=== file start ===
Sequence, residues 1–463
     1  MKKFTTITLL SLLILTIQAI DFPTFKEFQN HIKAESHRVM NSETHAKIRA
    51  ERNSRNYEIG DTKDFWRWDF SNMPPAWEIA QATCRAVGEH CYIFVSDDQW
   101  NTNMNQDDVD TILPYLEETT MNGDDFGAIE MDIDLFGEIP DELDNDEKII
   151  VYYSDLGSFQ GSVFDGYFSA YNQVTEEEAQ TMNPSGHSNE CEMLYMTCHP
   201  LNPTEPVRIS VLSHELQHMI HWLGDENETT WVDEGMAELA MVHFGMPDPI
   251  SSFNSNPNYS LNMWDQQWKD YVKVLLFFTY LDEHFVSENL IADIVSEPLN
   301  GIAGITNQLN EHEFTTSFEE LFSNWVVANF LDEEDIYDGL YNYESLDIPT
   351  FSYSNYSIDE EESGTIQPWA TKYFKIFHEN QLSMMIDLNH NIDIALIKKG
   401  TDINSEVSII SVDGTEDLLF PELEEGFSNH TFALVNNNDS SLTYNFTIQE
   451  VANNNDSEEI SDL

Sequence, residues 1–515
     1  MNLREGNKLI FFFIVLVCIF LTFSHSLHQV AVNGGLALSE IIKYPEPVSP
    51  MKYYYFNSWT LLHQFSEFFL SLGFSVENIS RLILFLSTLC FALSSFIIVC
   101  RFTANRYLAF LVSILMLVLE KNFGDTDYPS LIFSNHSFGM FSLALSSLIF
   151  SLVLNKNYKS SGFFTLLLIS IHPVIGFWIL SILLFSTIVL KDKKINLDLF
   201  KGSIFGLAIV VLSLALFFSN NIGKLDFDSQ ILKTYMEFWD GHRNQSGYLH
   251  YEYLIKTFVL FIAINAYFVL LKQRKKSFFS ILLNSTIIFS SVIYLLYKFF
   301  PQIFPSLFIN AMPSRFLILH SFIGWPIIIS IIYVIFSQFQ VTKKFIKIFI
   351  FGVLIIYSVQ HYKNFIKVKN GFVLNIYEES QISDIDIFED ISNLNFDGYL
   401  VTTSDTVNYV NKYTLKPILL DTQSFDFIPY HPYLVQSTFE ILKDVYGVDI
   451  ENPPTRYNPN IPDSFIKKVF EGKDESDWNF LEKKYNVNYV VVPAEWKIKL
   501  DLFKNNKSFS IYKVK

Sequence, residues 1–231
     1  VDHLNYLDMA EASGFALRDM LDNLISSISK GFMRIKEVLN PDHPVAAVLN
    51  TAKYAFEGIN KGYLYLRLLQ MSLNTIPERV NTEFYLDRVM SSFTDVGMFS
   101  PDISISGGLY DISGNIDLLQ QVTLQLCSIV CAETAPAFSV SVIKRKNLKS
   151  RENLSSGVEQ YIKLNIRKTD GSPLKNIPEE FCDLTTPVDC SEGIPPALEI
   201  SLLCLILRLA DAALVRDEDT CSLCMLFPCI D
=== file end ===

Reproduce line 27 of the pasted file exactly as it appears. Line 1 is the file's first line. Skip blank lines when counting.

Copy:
   101  PDISISGGLY DISGNIDLLQ QVTLQLCSIV CAETAPAFSV SVIKRKNLKS